Mainz 0-1 Bayer Leverkusen

The first half formations.

Bayer Leverkusen gave themselves a four-point cushion in the Champions League spots after capitalising on a Mainz mistake to win a game that looked certain to end goalless.

Both sides were in decent runs of form coming into this game, and won emphatically in the last round of fixtures: Mainz 4-2 at Hamburg, Bayer Leverkusen 3-0 at home to lowly Wolfsburg. The table made happy reading for fans of either side, with the hosts sat in fifth spot, knowing a win would see them leapfrog Bayern into fourth, and the visitors sat two points clear in second, knowing a win would take them to within nine points of league leaders Dortmund. Thomas Tuchel, linked this week with a move to Leverkusen should Jupp Heynckes depart for Bayern Munich, made three changes to his side, bringing in goalkeeper Christian Wetklo, and new full-backs. He retained the diamond midfield and wide forwards system that worked superbly in the second half against Hamburg last weekend. As for Bayer, who lost 3-2 at home to Villareal in the Europa League midweek, there was finally room for Michael Ballack in the starting XI. Arturo Vidal also returned, and with Ballack and Lars Bender behind him, started in a more advanced midfield role behind Stefan Kieβling. Against Hannover (2-0) & Nuremberg (1-0) on matchdays 20 & 21, Ballack & Rolfes were used behind Vidal to superb effect, but this was the first time this particular trio had started a game together. The talismanic Rolfes (and his Mainz counterpart Lewis Holtby) was on the bench. Continue reading

Hamburg 2-4 Mainz

The first half formations.

A decisive second half performance from Mainz saw them defeat inconsistent Hamburg after the home side had taken a controversial lead via a goal that didn’t actually cross the line.

Mainz came into this game knowing a win would lift them above Bayern Munich and into fourth spot. Hamburg knew a win by two clear goals would lift them above Mainz into fifth. As if to spice things up even further, it was the home side who ended Mainz’s spectacular start to the season, winning at the Bruchweg stadium with a late Jose Paolo Guerrero goal back in October. For the visitors, there was no Miroslav Karhan, Ádám Szalai or Sami Allagui – all three ruled out through injury. As difficult to second guess as ever, Thomas Tuchel left Lewis Holtby and Christian Fuchs on the bench. Hamburg, on the other hand, were at full strength (with Ruud van Nistelrooy on the bench), and looking to bounce back after drawing last weekend at struggling Kaiserslautern. Continue reading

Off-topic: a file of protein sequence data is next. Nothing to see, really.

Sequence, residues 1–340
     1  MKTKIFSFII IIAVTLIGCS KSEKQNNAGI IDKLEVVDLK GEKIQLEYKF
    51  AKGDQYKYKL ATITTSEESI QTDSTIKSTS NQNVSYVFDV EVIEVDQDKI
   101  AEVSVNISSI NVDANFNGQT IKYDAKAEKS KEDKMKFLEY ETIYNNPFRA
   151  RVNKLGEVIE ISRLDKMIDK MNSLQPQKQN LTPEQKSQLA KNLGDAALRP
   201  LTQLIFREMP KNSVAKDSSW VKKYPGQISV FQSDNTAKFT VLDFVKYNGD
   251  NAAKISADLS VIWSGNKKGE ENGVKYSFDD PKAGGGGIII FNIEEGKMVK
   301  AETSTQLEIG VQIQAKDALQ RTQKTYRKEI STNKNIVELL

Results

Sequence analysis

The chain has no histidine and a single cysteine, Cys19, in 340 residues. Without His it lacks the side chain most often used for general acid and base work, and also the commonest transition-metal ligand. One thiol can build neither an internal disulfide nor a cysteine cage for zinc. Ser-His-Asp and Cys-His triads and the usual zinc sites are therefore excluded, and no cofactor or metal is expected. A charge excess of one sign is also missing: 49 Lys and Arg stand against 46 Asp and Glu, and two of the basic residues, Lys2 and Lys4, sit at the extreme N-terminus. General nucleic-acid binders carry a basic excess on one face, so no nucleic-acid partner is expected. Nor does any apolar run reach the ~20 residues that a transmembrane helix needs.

Cologne 4-2 Mainz

The first-half formations.

A Frank Schaefer tactical masterclass and lacklustre Mainz performance lifted Cologne out of the relegation zone and denied Mainz the chance to leapfrog Bayern Munich into the Champions League spots.

The game looked set for a slow opening period when Cologne’s use of the kick-off saw them punt the ball upfield for a Mainz and Heinz Müller restart. However, slick Mainz, keeping a defensive trio deep despite Milivoje Novakovič being the foremost player for the hosts, used the former Barnsley ‘keeper’s goal-kick well, carving out an early chance from it which André Schürrle wasted. True to (very early) form, Cologne hoofed the ball upfield again, this time getting some success by winning a free-kick about three-quarters of the way up the pitch on the right-hand side. Lukas Podolski curled it into the box, and poor tracking and positioning from the away side allowed Martin Lanig to glance the ball in for 1-0 with just 150 seconds on the clock. Continue reading

Mainz out to avoid second season syndrome

André Schürrle - remember the name!

Last season may have been a resounding success for Die Nullfünfer, but forecasting such an achievement before a ball was kicked would have you seen sectioned.

Entering the Bundesliga from its feeder division with the lowest wage bill and a meagre 20,000-seater stadium, the board hurled even more obstacles in the team’s path by firing coach Jørn Andersen.

Either foreknowledged beyond the realms of other mere mortals, or, taking the cheap option, U19 coach Thomas Tuchel was handed the reigns on the season’s eve.

This gave Mainz another awkward looking record – the league’s youngest coach. Yet to be fair to the directors, they backed the 36-year-old to the hilt, and boy did it pay off. Continue reading